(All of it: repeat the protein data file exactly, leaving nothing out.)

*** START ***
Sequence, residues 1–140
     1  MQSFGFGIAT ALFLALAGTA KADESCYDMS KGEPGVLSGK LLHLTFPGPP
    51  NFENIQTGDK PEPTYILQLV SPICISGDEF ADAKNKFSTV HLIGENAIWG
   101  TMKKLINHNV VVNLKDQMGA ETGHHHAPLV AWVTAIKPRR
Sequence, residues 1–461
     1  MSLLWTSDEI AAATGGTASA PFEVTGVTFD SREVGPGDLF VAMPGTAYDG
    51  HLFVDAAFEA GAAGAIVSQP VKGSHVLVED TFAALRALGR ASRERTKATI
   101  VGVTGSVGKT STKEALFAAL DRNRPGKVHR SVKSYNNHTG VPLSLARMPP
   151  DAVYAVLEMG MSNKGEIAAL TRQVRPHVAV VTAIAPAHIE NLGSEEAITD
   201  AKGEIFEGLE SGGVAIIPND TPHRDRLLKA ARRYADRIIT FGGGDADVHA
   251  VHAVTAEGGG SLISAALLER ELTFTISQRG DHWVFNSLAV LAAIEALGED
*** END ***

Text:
Sequence, residues 1–140
     1  MQSFGFGIAT ALFLALAGTA KADESCYDMS KGEPGVLSGK LLHLTFPGPP
    51  NFENIQTGDK PEPTYILQLV SPICISGDEF ADAKNKFSTV HLIGENAIWG
   101  TMKKLINHNV VVNLKDQMGA ETGHHHAPLV AWVTAIKPRR
Sequence, residues 1–461
     1  MSLLWTSDEI AAATGGTASA PFEVTGVTFD SREVGPGDLF VAMPGTAYDG
    51  HLFVDAAFEA GAAGAIVSQP VKGSHVLVED TFAALRALGR ASRERTKATI
   101  VGVTGSVGKT STKEALFAAL DRNRPGKVHR SVKSYNNHTG VPLSLARMPP
   151  DAVYAVLEMG MSNKGEIAAL TRQVRPHVAV VTAIAPAHIE NLGSEEAITD
   201  AKGEIFEGLE SGGVAIIPND TPHRDRLLKA ARRYADRIIT FGGGDADVHA
   251  VHAVTAEGGG SLISAALLER ELTFTISQRG DHWVFNSLAV LAAIEALGED